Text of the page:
ProxySQL, a high-performance MySQL proxy, enables users to distribute different queries to multiple servers to distribute the load more efficiently.
ProxySQL has several benefits, including intelligent load balancing across different databases and the ability to determine if a database instance is running so that read traffic can be redirected accordingly.
This blog post shows how to set up ProxySQL as a load balancer to split the read and write workloads to Azure Database for MySQL.
ProxySQL is an open source community tool. It is supported by Microsoft on a best effort basis. In order to get production support with authoritative guidance, you can evaluate and reach out to ProxySQL Product support.
The below figure shows the basic set up for ProxySQL with Azure Database for MySQL as a master and read replica server.
Figure 1: ProxySQL with Azure Database for MySQL
You can also set up ProxySQL using Azure Resource Manager. To deploy above setup, please refer to https://github.com/Azure/azure-mysql/tree/master/arm-templates/ExampleWithProxySQL
To prepare for setting up ProxySQL, you need:
Important: Enforcement of SSL connections is enabled by default on Azure Database for MySQL. We recommend avoiding disabling the SSL option and configure ProxySQL to use SSL as outlined below.
The process for setting up ProxySQL as a load balancer in Azure Database for MySQL involves:
Important: Azure Database for MySQL supports ProxySQL version2.0.6 and later.
cd /tmp curl -OL https://github.com/sysown/proxysql/releases/download/v2.0.6/proxysql_2.0.6-ubuntu18_amd64.deb
sudo dpkg -i proxysql_* sudo apt-get update
sudo apt-get install mysql-client
sudo systemctl start proxysql
After the proxysql successfully starts, a message similar to the following appears:
systemctl status proxysql
Execute the below steps on ProxySQL server:
mysql –u admin –padmin -h 127.0.0.1 -P 6032
insert into mysql_servers(hostgroup_id,hostname,port,weight,comment) values(1,'mydemomasterserver.mysql.database.azure.com',3306,1,'Write Group'); insert into mysql_servers(hostgroup_id,hostname,port,weight,comment) values(2,'mydemoreplicaserver.mysql.database.azure.com',3306,1,'Read Group');
UPDATE mysql_servers SET use_ssl=1 WHERE hostgroup_id=1; UPDATE mysql_servers SET use_ssl=1 WHERE hostgroup_id=2;
In ProxySQL, the user connects to ProxySQL and in turn ProxySQL passes the connection to the MySQL node. To allow ProxySQL to access to the MySQL database, we need to create a user on MySQL database with the same credentials as on the ProxySQL server.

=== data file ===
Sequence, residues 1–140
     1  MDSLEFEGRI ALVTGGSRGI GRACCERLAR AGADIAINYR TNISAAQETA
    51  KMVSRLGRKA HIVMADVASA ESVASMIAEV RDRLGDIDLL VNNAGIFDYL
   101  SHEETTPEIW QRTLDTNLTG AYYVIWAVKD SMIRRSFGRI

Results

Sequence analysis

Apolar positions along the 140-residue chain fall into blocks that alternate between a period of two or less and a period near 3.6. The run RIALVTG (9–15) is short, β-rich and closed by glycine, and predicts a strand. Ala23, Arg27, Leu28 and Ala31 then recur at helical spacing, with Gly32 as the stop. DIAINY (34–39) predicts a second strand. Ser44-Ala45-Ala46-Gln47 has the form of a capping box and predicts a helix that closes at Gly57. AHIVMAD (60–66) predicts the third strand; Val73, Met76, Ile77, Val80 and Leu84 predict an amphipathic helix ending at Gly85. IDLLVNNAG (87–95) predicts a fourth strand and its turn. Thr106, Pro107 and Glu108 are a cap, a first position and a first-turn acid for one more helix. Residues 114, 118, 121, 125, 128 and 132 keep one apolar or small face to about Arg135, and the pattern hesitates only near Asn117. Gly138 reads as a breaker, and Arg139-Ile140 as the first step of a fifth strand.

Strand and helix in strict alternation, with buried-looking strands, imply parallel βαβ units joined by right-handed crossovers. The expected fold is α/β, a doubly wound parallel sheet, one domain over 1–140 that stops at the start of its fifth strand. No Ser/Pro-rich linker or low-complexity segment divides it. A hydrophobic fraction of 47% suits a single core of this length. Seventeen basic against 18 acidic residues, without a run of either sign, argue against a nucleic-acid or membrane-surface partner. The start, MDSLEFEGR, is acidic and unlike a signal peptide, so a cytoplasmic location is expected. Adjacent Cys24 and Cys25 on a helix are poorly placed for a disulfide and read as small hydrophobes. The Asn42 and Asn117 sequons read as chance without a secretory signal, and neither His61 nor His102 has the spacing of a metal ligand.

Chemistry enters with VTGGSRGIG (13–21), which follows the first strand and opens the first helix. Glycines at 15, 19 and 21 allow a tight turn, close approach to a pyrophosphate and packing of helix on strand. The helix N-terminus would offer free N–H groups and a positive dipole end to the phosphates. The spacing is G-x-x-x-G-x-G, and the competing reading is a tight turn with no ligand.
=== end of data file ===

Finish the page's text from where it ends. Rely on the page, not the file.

CREATE USER 'mydemouser'@'%' IDENTIFIED BY 'secretpassword';
GRANT SELECT, INSERT, UPDATE, DELETE, CREATE, DROP, RELOAD, PROCESS, REFERENCES, INDEX, ALTER, SHOW DATABASES, CREATE TEMPORARY TABLES, LOCK TABLES, EXECUTE, REPLICATION SLAVE, REPLICATION CLIENT, CREATE VIEW, SHOW VIEW, CREATE ROUTINE, ALTER ROUTINE, CREATE USER, EVENT, TRIGGER ON *.* TO 'mydemouser'@'%' WITH GRANT OPTION
Allow the ‘mydemouser’ user to connect to ProxySQL server.
Execute the below query on ProxySQL server:
insert into mysql_users(username,password,default_hostgroup,transaction_persistent)values('mydemouser','secretpassword',1,1);
Create the monitoring user on the Master server and then configure ProxySQL to monitor the nodes.
Create monitoring user on the master server:
CREATE USER 'monitoruser'@'%' IDENTIFIED BY 'secretpassword';
GRANT SELECT ON *.* TO ' monitoruser'@'%' WITH GRANT OPTION;
On the server running ProxySQL, configure mysql-monitor to the username of the new account.
set mysql-monitor_username='monitoruser'; set mysql-monitor_password='secretpassword';
insert into mysql_query_rules(rule_id,active,match_digest,destination_hostgroup,apply)values(1,1,'^SELECT.*FOR UPDATE$',1,1);
insert into mysql_query_rules(rule_id,active,match_digest,destination_hostgroup,apply)values(2,1,'^SELECT',2,1);
In ProxySQL configuration system, the changes we made are in memory and to make them persist across the restarts, you must copy settings to runtime and save them to disk.
load mysql users to runtime; load mysql servers to runtime; load mysql query rules to runtime; load mysql variables to runtime; load admin variables to runtime;
save mysql users to disk; save mysql servers to disk; save mysql query rules to disk; save mysql variables to disk; save admin variables to disk;
After successfully completing the above steps, ProxySQL is configured and is ready to split the read and write workload. To test the functionality to determine if the read and write splits are being forwarded properly:
mysql –u mydemouser –p secretpassword -h127.0.0.1 -P6033
SELECT * FROM mydemotable;
UPDATE mydemotable SET mydemocolumn=value WHERE condition;
To verify that ProxySQL has routed the above read and write correctly:
mysql –u admin –p admin -h127.0.0.1 -P6032
SELECT * FROM stats_mysql_query_digest;
If you have trouble setting up ProxySQL on Azure Database for MySQL, please contact the Azure Database for MySQL team at AskAzureDBforMySQL@service.microsoft.com
Program Manager - Microsoft
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